I’ve got an ancient Olivetti Netstrada, a deskside server system with quad Pentium Pro 200MHz processors, 256MB RAM, dual power supplies and five 4GB SCSI drives.
It’s been running Ubuntu 8.04 for ages and I found that with my partitioning layout (set up for testing ZFS-fuse ages ago) I couldn’t upgrade it without major surgery so I decided I’d just put Debian on it instead. That’s where I hit problems..
- Debian/kfreebsd (Squeeze & daily) – kernel panics very early with
panic: vm_fault: fault on nofault entry, addr: c3925000.
- Debian/Linux Squeeze – CD boot loader hangs before getting to menu
- Debian Lenny – install kernel panics when uncompressing the initramfs, claims it’s out of memory.
Fortunately the Debian Etch install CD boots and installs correctly, only problem is that Etch is now archived and there are no updates for it..
I dist-upgraded to Lenny and found that the latest kernel there still panics on boot, but the user space is OK. Then I went to Squeeze and found that yes, the Squeeze kernel hangs very early, just after saying it was booting the kernel after uncompressing. Unfortunately the udev in Squeeze won’t work with the Etch kernel, but all that’s broken so far is bringing up the network interface and I can do that by hand with dhclient eth0. Oh, and grub2 hangs (which I suspect is the same issue as the install CD).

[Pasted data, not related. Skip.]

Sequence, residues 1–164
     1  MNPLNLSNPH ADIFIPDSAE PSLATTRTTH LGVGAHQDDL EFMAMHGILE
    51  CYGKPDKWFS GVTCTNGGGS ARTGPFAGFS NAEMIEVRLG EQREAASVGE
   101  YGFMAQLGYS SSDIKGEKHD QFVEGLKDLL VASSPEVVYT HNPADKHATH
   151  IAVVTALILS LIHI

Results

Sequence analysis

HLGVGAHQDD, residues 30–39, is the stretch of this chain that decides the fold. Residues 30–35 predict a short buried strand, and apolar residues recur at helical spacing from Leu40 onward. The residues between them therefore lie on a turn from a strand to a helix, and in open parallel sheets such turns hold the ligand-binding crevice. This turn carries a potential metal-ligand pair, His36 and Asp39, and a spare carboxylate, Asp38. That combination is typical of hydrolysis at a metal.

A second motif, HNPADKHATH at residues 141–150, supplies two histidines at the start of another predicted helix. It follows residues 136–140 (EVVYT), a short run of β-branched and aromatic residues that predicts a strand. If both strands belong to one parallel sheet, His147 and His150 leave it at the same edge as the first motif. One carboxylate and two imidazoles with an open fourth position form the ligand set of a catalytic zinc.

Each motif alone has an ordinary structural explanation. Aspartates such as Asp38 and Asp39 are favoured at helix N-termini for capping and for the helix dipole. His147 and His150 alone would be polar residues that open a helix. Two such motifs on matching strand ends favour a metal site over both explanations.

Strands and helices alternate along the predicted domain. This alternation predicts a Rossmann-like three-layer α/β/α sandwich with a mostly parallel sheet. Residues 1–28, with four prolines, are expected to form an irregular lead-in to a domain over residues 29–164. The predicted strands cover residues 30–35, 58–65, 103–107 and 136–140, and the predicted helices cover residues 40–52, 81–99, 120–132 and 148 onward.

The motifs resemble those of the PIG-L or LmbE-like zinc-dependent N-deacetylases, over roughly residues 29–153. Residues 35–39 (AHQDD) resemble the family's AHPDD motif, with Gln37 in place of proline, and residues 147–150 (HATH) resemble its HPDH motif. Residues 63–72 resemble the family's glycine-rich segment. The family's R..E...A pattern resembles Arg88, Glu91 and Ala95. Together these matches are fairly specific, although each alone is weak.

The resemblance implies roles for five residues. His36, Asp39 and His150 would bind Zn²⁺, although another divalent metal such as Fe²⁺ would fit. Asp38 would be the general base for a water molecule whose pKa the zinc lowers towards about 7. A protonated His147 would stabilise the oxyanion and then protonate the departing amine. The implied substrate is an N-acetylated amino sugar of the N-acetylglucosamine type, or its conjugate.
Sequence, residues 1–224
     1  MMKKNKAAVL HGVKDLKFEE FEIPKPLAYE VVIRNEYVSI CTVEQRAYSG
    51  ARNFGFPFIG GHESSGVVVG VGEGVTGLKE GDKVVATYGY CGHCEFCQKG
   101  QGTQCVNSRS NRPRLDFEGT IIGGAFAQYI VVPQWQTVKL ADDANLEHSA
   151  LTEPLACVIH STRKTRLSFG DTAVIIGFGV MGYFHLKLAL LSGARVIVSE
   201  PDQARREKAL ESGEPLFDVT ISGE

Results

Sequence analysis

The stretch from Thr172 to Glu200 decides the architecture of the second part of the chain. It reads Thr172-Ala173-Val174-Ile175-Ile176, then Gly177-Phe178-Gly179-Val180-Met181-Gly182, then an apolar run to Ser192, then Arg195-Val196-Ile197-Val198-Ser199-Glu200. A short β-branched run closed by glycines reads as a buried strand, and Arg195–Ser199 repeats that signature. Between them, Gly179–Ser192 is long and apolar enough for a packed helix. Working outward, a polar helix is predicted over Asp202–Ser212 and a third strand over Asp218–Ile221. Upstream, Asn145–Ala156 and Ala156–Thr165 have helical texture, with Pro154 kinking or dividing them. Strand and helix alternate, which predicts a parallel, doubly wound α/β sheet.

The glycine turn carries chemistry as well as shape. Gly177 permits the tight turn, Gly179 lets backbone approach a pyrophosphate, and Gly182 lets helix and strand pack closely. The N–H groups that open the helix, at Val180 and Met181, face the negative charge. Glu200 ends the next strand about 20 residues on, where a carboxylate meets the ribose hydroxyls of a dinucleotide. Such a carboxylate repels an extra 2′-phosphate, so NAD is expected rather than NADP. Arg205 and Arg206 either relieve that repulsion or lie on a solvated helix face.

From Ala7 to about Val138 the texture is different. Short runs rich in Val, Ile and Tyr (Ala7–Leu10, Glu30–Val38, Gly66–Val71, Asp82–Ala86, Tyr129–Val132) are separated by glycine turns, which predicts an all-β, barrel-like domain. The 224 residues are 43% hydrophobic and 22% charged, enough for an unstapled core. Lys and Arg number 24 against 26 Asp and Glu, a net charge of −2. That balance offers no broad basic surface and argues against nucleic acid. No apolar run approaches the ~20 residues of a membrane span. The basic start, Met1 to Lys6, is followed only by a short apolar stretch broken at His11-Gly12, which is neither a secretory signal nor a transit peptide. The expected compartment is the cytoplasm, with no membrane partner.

I’ve tried building my own kernel using 18.104.22.168 starting with an “allnoconfig” to disable everything and only turn on the minimum necessary, but that has the same behaviour as the 2.6.32 kernel that is in Squeeze, the last thing printed to the console is:
Booting the kernel.
which is at the end of the
decompress_kernel() function in
Does anyone have any ideas before I go and throw myself on the tender mercies of the LKML ?
Update: Both Alan Cox and Ingo Molnar suggested using the earlyprintk=vga option which I’d not stumbled across before, that revealed that the 2.6.39-rc4 kernel is misdetecting LOWMEM as 16MB not 256MB which could explain a lot. It also reminded me that I’d seen this before and had an offlist conversation with H. Peter Anvin about it in 2008 which tailed off due to work pressures on his part.
Update 2: Thanks to Thomas Meyer and H. Peter Anvin it’s now known what happened – the commit message from hpa for Thomas’s patch describes it best:
When we use BIOS function e801 to probe memory, we should use ax/bx (or cx/dx) as a pair, not mix and match. This was a typo during the translation from assembly code, and breaks at least one set of machines in the field (which return cx = dx = 0).
The patch has been accepted by Linus and will be in 2.6.39!
Update 3: The patch is in 2.6.39-rc6 and that now successfully boots all the way to userspace with the kernel parameters “noapic scsi_mod.scan=sync”! Hooray!